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Sprint knows where you are, and so does the feds.
December 2nd, 2009 by scaredpoet

sprint-family-locator-service1

Remember not too long ago, when there was a huge fervor over warrantless wiretapping?? Back in the bad old days of the Bush Administration (and maybe even today), Verizon and AT&T willingly participated in permitting the NSA to monitor communications traffic on their networks, without the need for silly little things like, oh, search warrants and due process.? And boy, everyone sure got all in a huff when they found out!? Despite it being an extension of legislation hurriedly rushed into law to appease a panicky public, the citizenry refused (as they often do) to look at themselves in the mirror for being panicky petes, and instead the “Big Two” carriers mentioned above got the brunt of the public’s ire.? Lawsuits were threatened and all kinds of punishments were dreamed up for the corporate actors in this conspiracy, all while the Bush administration pretty much got shrugged off by the general public for, well, doing what they always did.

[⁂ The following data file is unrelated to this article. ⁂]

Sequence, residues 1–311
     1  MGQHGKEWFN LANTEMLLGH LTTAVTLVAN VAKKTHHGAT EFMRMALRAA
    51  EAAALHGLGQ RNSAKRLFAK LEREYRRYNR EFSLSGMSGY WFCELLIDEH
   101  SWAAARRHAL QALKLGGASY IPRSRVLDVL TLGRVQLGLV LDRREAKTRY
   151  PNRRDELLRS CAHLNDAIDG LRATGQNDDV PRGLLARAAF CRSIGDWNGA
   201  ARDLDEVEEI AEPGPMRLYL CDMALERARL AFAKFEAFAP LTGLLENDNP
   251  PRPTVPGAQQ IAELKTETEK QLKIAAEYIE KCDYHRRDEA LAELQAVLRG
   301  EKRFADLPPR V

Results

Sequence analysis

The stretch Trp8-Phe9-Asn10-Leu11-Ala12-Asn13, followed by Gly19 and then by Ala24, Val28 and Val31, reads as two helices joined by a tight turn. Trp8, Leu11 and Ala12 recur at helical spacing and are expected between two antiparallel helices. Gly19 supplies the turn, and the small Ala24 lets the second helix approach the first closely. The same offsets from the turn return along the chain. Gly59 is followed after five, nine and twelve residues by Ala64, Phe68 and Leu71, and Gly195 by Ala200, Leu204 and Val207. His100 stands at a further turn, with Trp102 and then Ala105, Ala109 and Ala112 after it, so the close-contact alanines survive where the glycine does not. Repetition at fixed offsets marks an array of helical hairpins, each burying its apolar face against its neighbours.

Another company to get a pass was Sprint.? You just didn’t hear about what their involvement might’ve been.

But it looks like now more than ever, surveillance is alive and well, and Sprint is making it incredibly easy for Law Enforcement to find out where any use of their network might be.? So easy in fact, that Law Enforcement has tracked the wherabouts of Sprint users more than 8 million times in the past year alone!

Sprint Nextel provided law enforcement agencies with its customers’ (GPS) location information over 8 million times between September 2008 and October 2009. This massive disclosure of sensitive customer information was made possible due to the roll-out by Sprint of a new, special web portal for law enforcement officers.

The evidence documenting this surveillance program comes in the form of an audio recording of Sprint’s Manager of Electronic Surveillance, who described it during a panel discussion at a wiretapping and interception industry conference, held in Washington DC in October of 2009.


Consider that Sprint has about 49.3 million customers.? Even if you assume that some users were no doubt tracked more than once, that’s still a pretty astonishing number.? Are there really millions of sleeping terrorists chatting and texting on Sprint phones?? Or has the government continued to be way, way too willing to disregard the freedoms of its citizens in the name of homeland security, while Sprint passively sits by and allows it to happen?


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